As I was going to St. Ives,
I met a man with seven wives,
Each wife had seven sacks,
Each sack had seven cats,
Each cat had seven kits:
Kits, cats, sacks, and wives,
How many were there going to St. Ives?¹
For 62 weeks during 1984 and 1985 songs by Nik Kershaw peppered the UK singles chart more often than any other solo artist² and his first two studio albums both went platinum. He never had a number one song but five top ten releases in those two years is pretty good going by anyone’s standards.
Nik’s second album, The Riddle, had a place in the Crotchety vinyl collection and several of the tracks live on among some of my fondest memories long after the record itself moved on to another home. So, in recognition of Mr. Kershaw’s talents as a song-writer, musician and producer, I’m giving the album’s title track the honour of a Crotchety Track of the Week award.
Nik Kershaw started playing guitar and singing in 1974 when he was still at school. That first band was called Thor. The following year, after a change of drummer, Thor was renamed Half Pint Hogg. Whether the new name had anything to do with Nik’s small stature (he stands just 5′ 4″ tall) I can not say. In any case, the Half Pint was soon dropped and Nik Kershaw’s Hogg gigged for another three years in and around the Ipswich area.
It must have been about this time that the Crotchety brothers’ band also changed its name. We were provisionally calling ourselves Galadriel, which we liked, but it turned out that there was already a band with that name. (In fact, I think there have been several.) Having been invited to play at a gig in Chiselhurst Caves, we needed to choose a name rather quickly and we plumped for … Hogg.
Eventually, of course, we discovered that Hogg, too, was also the name of another band, but whether it was Nik’s band or some other porcine-inspired group I do not know. I do remember, though, that we managed to get a plug for our Hogg (two ‘g’s) on a local radio station. When the DJ invites listeners to phone in with details of their gigs you can’t turn down the offer of free publicity.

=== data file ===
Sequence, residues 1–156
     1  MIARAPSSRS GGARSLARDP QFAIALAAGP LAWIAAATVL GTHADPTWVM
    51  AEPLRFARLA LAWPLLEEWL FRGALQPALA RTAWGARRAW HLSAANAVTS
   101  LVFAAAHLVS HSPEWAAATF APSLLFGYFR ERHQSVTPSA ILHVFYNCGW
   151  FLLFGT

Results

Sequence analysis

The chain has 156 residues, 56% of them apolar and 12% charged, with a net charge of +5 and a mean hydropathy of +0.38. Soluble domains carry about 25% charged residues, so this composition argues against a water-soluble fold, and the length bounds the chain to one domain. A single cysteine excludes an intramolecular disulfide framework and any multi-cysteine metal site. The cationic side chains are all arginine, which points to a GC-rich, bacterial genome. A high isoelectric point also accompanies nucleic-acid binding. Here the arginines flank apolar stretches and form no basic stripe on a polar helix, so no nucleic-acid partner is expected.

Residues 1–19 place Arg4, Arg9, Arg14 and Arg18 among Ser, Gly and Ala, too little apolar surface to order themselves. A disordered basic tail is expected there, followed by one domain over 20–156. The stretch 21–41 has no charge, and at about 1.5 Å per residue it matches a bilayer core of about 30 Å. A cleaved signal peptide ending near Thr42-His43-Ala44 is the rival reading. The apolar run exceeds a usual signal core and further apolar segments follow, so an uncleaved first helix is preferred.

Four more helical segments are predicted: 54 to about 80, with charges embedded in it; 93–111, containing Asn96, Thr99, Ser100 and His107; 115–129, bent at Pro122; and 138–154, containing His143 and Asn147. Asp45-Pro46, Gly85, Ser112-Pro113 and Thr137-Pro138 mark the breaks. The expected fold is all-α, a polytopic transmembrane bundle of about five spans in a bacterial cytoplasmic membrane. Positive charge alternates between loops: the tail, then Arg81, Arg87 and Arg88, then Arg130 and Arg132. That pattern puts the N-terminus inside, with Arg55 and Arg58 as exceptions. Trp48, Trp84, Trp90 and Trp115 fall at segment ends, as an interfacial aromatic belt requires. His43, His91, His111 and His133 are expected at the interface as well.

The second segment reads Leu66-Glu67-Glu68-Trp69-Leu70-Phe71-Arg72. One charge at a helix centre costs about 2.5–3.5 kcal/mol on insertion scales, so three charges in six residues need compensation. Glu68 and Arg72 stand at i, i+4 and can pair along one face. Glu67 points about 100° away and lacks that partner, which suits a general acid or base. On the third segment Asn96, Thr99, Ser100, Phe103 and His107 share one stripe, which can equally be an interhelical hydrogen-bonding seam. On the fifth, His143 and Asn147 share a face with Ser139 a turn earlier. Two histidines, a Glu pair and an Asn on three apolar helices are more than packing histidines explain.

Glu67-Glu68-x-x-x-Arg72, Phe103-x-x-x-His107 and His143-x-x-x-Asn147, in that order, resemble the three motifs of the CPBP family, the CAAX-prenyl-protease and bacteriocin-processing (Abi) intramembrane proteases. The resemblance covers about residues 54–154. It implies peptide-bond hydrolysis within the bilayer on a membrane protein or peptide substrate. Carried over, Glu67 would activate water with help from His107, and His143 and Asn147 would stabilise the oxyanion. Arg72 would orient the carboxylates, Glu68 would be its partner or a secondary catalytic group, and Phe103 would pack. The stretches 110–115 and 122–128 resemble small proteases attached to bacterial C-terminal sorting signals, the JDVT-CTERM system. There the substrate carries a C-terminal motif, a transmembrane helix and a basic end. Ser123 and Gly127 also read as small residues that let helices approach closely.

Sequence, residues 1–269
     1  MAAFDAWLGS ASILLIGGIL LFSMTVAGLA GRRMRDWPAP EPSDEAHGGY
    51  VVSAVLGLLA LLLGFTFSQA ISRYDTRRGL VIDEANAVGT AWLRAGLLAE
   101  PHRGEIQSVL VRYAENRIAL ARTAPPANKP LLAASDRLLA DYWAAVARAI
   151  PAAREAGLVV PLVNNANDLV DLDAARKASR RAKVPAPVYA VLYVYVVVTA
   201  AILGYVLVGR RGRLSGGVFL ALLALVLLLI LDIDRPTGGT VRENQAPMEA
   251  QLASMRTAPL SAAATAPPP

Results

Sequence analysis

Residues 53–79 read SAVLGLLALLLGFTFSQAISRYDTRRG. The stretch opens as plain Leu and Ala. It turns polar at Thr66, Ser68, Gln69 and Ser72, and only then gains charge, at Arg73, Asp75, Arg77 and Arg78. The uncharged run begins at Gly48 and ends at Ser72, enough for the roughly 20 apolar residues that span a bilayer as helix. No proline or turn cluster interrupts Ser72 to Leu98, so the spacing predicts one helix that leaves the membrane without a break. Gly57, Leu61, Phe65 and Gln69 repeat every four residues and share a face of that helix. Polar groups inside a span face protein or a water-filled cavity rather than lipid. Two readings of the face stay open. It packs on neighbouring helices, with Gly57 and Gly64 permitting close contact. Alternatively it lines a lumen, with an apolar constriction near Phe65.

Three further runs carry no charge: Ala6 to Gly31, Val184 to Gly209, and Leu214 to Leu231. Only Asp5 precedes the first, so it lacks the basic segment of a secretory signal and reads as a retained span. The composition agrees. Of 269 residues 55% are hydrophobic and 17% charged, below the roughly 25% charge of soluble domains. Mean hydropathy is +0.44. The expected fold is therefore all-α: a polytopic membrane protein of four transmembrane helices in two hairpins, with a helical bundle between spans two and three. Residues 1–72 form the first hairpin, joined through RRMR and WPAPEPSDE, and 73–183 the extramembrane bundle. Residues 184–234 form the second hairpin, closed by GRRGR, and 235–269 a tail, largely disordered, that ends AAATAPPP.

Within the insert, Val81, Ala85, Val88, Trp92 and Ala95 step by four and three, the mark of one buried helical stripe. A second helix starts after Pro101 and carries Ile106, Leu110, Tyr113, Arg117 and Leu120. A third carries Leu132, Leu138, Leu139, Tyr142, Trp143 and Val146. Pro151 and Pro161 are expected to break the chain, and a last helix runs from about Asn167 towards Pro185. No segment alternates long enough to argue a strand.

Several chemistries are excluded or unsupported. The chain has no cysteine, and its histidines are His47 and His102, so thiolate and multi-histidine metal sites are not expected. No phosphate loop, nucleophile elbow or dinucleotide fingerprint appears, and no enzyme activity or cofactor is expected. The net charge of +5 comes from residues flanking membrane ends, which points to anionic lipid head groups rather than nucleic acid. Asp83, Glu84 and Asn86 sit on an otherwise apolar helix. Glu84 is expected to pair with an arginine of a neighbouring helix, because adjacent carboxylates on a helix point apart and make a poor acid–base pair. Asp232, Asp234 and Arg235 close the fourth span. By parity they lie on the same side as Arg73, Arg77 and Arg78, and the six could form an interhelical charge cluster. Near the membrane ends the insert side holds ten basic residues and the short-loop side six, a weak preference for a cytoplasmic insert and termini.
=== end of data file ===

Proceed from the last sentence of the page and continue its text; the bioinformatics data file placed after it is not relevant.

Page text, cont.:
The Riddle is one of those songs with a singable pop tune and a beat that can only be described as infectious. Propelled along by staccato rhythm guitars and embellished with fast synthesiser runs it pumps energy into the blood stream like a caffeine-stuffed, sugary drink. (That kid’s not hyper-active; he’s just listening to The Riddle.)
The lyrics are, I believe, a riddle with no answer. Parts of it make some sort of sense:
Near a tree by a river there’s a hole in the ground
Where an old man of Aran goes around and around
But what can we make of this?:
A blackbird sings on bluebird hill
Thanks to the calling of the wild wise men’s child
A comment on the video says that the words are ‘filler’ lyrics that Nik would use when writing music and, with time in the recording session for just one more song, it wasn’t possible to write ‘proper’ lyrics. And the video, which is quite surreal, seems to support that.
Life’s perhaps the only riddle that we shrink from giving up.
– W. S. Gilbert
- This is riddle number 9 from http://mentalfloss.com/article/62656/11-historys-toughest-riddles. The official answer is “one” because I was the only one going to St. Ives; the man, his wives, their cats and their kittens were all coming away from St. Ives. Crotchety Pedant, however, cries “foul”; the riddle says nothing about where the man’s party was going and some (or all) of them may well have been going to St. Ives with me.
- Roberts, David (2006). British Hit Singles & Albums (19th ed.). London: Guinness World Records Limited. p. 299. ISBN 1-904994-10-5.
- All information from Wikipedia and the wonderfully amusing biography on Nik Kershaw’s official website, which is highly recommended reading.